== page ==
Since forming the Public Safety Department, Hall County has seen many code enforcement success stories.
The department houses the freshly named county marshals, who have stepped up county code enforcement over the past few months.
Most are pleased with the new efforts, though some of the county residents affected by the enforcement are not.
Commissioner Bobby Banks said he has heard a few complaints but the majority of people are happy to see neighborhoods getting cleaned up.
A resident in his district, whose failing septic tank leaked sewage above ground, recently worked with Code Enforcement to fix the problem.
"I’d rather have one person mad at me than 100," Banks said. "All the neighbors are happy now."
Code Enforcement Supervisor André Niles said most code issues are solved through talking to residents and telling them what on their property is violating county code.
"We start with going out and meeting people and getting people to know what we do and why we’re on their property," Niles said. "Citation is the last resort we use."
From Jan. 1 to Aug. 15, Code Enforcement investigated 994 violations, compared with 716 in the same time period in 2008.
Of this year’s violations, just 117 citations were issued, the majority for the storage of junk.
"We spend more time getting people to comply than we ever do writing citations," Niles said.
Throughout the year, code enforcement has performed sweeps in a number of areas that have been identified with code enforcement issues, such as litter, junk cars or loose animals.
Commissioner Ashley Bell said sweeps in his district have been very successful.
"The massive change I’ve seen in my district is the voluntary compliance," Bell said.
One of the areas the county has concentrated on is Petes Drive. The county has heard complaints over the years from property owners that a junk yard and abandoned structures on the road are hurting their property values.
At the end of the winding street, located off of Price Road, sits the junk yard. Many of the cars have been removed due to code enforcement efforts, but many more vehicles still sit around the large property, surrounding the home like a fortress.
David Browning, who lives near the entrance to Petes Drive, said the junk yard doesn’t concern him because it is at the bottom of the dead-end street.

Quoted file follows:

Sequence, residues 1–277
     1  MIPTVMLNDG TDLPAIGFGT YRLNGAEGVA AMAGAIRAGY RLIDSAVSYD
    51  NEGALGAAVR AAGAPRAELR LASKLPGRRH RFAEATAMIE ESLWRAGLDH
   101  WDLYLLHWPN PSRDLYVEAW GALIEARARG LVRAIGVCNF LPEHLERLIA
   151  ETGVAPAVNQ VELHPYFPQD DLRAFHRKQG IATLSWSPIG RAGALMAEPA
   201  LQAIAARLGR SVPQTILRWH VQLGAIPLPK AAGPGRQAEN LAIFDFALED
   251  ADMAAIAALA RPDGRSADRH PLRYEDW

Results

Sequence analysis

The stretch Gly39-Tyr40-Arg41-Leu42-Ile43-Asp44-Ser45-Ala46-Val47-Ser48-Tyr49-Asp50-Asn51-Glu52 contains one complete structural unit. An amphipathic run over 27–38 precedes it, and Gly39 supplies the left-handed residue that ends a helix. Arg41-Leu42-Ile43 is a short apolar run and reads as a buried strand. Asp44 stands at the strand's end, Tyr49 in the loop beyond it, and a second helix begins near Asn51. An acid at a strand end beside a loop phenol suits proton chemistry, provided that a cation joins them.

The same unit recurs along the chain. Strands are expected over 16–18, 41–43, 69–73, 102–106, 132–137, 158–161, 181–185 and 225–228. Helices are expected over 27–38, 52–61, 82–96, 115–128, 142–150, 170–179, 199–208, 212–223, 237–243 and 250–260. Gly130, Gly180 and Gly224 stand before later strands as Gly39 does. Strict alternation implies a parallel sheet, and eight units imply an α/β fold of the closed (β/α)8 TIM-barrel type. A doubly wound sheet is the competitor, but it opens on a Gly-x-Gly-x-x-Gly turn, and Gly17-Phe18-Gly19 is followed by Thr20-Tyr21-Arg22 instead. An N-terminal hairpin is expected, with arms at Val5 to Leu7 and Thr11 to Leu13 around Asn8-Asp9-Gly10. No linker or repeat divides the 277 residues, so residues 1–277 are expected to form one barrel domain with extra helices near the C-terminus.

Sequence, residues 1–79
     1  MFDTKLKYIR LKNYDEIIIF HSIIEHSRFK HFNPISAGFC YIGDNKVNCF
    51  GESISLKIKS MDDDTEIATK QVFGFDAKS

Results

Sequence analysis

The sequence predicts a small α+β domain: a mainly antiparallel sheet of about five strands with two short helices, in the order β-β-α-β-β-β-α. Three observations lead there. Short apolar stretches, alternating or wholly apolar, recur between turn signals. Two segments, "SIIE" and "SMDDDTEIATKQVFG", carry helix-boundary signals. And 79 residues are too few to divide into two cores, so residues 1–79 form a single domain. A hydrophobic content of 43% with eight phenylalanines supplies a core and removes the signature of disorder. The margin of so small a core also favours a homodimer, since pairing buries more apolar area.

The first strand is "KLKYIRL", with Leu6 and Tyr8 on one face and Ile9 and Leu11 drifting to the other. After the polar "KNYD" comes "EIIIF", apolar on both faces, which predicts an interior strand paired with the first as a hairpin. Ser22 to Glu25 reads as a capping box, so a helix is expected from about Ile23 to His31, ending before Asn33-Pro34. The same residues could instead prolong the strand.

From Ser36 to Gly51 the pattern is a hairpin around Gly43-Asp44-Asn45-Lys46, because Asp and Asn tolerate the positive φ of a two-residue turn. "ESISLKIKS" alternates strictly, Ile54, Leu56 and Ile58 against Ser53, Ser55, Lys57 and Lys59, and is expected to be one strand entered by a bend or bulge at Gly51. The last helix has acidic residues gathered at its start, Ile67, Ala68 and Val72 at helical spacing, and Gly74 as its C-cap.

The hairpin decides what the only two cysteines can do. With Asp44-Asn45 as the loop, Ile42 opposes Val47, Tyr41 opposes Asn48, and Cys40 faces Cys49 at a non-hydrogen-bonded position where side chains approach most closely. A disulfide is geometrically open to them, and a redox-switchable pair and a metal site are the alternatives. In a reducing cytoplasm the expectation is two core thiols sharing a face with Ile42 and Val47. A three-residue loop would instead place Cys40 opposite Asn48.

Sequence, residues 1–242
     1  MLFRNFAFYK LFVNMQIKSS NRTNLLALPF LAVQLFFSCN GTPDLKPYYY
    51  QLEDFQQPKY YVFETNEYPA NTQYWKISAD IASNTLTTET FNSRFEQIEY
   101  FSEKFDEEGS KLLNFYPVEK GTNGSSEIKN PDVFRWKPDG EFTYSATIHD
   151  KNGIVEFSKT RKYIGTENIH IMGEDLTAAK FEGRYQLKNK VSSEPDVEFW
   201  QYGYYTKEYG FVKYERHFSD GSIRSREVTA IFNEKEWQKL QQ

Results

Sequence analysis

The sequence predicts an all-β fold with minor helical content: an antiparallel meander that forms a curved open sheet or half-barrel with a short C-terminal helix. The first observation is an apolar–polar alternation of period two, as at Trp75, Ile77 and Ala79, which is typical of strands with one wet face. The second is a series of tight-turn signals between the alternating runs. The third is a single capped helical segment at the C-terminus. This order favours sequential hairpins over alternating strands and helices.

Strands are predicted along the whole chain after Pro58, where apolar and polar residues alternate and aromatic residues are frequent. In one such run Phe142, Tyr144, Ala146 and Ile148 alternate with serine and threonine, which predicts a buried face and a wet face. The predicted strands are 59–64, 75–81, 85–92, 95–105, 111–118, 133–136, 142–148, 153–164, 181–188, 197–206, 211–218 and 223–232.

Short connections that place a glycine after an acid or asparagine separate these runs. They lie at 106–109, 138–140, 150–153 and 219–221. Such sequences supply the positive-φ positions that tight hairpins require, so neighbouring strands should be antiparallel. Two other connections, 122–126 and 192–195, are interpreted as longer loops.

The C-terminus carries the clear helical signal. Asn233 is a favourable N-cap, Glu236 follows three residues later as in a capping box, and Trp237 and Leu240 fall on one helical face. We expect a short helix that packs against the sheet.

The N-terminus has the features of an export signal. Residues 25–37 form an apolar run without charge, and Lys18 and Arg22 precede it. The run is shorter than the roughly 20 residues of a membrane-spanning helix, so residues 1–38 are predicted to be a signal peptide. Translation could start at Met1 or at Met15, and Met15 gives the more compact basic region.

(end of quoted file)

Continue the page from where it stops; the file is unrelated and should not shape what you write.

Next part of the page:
"Why should they mind?" Browning said. "If you go down this road you ain’t going nowhere."
Most Petes Drive residents are related and have been living on the property for decades.
Lula Mae Thomas, 81, is the matriarch of the family that owns the majority of Petes Drive. Her son runs the junk yard and she said she isn’t happy with what the county is trying to do to clean up the area.
"I don’t like it worth a flip," Thomas said. "He’s cleaned it up. That hurt him real bad on his business."
Some neighbors think the county has no place on their street.
Petes Drive resident Tina Neal said she has no problem with the junk yard.
"It’s all on their land. They’ve never messed with us," Neal said. "If you’re not able to do what you want on your own property, why own land?"
She said she thinks the county shouldn’t worry about people’s property unless it presents a danger to the community.
"It may not be the best land, it may not be the richest part of town," Neal said. "But they’ve got a right to live the way they want to."
Bell said the commission sees code enforcement as something that benefits the whole community rather than something that hurts individual property owners.
"We’re trying to clean up our neighborhoods and we’re going to make it a priority. It’s not just a county commission priority, it’s a community priority," Bell said. "They don’t owe it to me as a commissioner or to Mr. Niles as an officer. They owe it to their neighbors to want to respect where they live so that other people can respect it and they can get the full value of their property and enjoyment and use of their property."